Source: herit.ag/3HVQ99l , herit.ag/3HTrl1X , herit.ag/3RXuAdp
Troy Kemper was charged by the state in Dearborn County with one felony count each of perjury and fraudulent subscription of another person's name after his involvement in an absentee ballot trafficking scheme during the Lawrenceburg 2019 General Election. Kemper was charged for his role in submitting fraudulent absentee ballot applications and ballots along with his co-conspirator James Bartlett. The fraud was detected by the Election Board because the signatures on the original voter registration forms did not match the signatures on the absentee ballot applications and absentee ballots, and after contacting 20 voters, learned they did not apply for an absentee ballot or permit Kemper to turn in their ballot. In exchange for agreeing to testify truthfully against James Bartlett and the state dismissing the fraudulent subscription charge, Kemper pleaded guilty to one misdemeanor count of perjury and was sentenced to 365 days with 363 days suspended, and he was assessed court costs and filing fees of $210.
Source: herit.ag/3XoQ4Rj , herit.ag/3HPWEdK , herit.ag/3HZrrov
Key & Definitions
Types of Cases
Any case that results in a defendant entering a plea of guilty or no contest, or being found guilty in court of election-related offenses.
A finding by a court of law that fraud occurred in an election, including judicial orders overturning election results or ordering a new election due to fraud.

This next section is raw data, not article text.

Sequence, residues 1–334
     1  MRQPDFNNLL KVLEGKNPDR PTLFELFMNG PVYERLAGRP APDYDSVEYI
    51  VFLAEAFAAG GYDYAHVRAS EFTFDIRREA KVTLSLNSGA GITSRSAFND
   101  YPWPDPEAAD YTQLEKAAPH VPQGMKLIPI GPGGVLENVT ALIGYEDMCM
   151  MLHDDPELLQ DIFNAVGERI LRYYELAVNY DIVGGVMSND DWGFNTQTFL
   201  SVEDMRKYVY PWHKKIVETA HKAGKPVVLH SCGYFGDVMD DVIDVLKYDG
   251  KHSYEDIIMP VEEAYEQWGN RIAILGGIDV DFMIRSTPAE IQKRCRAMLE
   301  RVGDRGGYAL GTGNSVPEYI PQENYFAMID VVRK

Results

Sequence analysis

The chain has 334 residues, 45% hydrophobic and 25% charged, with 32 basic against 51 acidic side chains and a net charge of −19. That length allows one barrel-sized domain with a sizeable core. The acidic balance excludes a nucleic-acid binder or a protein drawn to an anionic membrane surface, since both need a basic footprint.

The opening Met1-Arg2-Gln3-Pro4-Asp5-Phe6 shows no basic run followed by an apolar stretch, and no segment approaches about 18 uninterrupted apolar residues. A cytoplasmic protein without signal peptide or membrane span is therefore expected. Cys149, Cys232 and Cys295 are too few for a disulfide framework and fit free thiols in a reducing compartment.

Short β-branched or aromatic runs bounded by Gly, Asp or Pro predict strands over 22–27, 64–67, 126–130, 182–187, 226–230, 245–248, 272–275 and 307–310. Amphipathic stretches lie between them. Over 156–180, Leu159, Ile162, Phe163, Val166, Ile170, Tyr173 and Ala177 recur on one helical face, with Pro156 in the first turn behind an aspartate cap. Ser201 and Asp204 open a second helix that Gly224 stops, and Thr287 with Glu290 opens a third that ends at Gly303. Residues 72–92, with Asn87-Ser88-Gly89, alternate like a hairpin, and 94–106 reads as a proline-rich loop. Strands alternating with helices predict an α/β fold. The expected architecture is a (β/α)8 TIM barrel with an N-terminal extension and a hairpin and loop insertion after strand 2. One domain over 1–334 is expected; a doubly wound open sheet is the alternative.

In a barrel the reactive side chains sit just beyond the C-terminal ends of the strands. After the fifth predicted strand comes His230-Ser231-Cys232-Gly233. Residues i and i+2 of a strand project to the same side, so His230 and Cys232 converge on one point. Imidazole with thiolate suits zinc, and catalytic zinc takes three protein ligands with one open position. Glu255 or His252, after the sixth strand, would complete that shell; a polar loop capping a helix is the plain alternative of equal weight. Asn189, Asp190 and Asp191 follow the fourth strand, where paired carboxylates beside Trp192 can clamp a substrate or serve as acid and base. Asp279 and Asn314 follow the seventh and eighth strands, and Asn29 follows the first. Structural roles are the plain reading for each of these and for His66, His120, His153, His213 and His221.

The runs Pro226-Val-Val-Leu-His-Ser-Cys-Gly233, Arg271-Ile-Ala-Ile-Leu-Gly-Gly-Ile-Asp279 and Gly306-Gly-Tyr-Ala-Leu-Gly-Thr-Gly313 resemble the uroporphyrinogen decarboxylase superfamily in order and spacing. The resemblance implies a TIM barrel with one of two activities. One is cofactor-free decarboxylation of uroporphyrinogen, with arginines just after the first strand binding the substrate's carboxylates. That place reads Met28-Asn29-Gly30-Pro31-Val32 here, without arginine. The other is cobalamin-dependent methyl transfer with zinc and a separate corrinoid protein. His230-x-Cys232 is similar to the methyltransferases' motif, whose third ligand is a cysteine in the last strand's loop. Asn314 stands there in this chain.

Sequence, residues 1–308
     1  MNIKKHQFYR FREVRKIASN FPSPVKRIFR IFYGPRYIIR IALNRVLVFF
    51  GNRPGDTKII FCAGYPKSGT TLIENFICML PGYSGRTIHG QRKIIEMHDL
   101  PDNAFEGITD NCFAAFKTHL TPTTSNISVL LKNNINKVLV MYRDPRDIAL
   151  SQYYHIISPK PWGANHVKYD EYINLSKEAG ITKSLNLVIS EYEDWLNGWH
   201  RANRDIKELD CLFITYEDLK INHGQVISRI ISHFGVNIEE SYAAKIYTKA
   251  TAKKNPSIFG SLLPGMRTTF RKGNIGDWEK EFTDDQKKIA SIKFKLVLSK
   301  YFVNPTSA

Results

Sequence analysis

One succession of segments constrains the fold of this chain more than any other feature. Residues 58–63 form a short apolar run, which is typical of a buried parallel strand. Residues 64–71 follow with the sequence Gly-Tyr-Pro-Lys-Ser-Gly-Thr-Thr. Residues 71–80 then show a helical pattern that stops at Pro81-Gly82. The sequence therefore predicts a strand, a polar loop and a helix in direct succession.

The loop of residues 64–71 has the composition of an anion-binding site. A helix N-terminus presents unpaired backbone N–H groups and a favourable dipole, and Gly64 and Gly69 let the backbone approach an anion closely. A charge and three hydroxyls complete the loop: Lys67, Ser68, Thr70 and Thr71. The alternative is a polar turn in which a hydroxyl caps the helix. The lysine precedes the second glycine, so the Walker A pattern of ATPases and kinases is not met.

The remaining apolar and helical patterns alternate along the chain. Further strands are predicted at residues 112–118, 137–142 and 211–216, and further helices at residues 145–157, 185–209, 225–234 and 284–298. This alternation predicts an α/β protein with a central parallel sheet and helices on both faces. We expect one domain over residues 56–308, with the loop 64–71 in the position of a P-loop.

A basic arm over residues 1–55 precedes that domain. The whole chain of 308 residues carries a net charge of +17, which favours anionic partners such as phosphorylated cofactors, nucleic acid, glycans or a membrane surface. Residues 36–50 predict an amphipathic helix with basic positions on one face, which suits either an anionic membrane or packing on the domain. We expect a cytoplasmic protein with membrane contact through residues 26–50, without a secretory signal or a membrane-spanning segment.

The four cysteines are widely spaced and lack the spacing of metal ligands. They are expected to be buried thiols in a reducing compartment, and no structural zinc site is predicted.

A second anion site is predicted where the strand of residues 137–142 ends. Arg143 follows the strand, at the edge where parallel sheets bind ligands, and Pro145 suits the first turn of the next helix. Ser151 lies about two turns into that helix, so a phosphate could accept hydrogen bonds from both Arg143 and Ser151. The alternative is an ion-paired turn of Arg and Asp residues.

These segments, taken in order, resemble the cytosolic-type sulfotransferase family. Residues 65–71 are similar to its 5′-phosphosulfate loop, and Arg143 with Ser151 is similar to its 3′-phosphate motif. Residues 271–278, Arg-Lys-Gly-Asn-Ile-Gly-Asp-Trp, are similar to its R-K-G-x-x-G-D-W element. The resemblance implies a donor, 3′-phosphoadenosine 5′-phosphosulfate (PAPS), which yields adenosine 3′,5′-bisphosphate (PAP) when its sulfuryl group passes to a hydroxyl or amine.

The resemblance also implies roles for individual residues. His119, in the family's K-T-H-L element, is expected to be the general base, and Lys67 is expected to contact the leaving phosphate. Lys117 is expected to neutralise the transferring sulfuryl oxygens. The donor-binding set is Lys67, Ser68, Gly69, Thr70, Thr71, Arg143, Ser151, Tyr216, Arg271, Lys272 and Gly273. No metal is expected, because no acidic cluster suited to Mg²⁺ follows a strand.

Any civil case resulting in fines or other penalties imposed for a violation of election laws.
A finding by a government body that fraud occurred in an election, including orders overturning election results or ordering a new election due to fraud.
Any criminal case in which a judge directs a defendant into a pre-trial diversion program, or stays or defers adjudication with the understanding that the conviction will be cleared upon completion of the program.
Types of Voter Fraud
Requesting absentee ballots and voting without the knowledge of the actual voter; or obtaining the absentee ballot from a voter and either filling it in directly and forging the voter’s signature or illegally telling the voter who to vote for.
Illegal registration and voting by individuals who are not U.S. citizens, are convicted felons, or are otherwise not eligible to vote.
Voting in the name of other legitimate voters and voters who have died, moved away, or lost their right to vote because they are felons, but remain registered.
Paying voters to cast either an in-person or absentee ballot for a particular candidate.
Forging the signatures of registered voters on the ballot petitions that must be filed with election officials in some states for a candidate or issue to be listed on the official ballot
Registering in multiple locations and voting in the same election in more than one jurisdiction or state.
Voting under fraudulent voter registrations that either use a phony name and a real or fake address or claim residence in a particular jurisdiction where the registered voter does not actually live and is not entitled to vote.
Changing the actual vote count either in a precinct or at the central location where votes are counted.
Forcing or intimidating voters—particularly the elderly, disabled, illiterate, and those for whom English is a second language—to vote for particular candidates while supposedly providing them with “assistance.”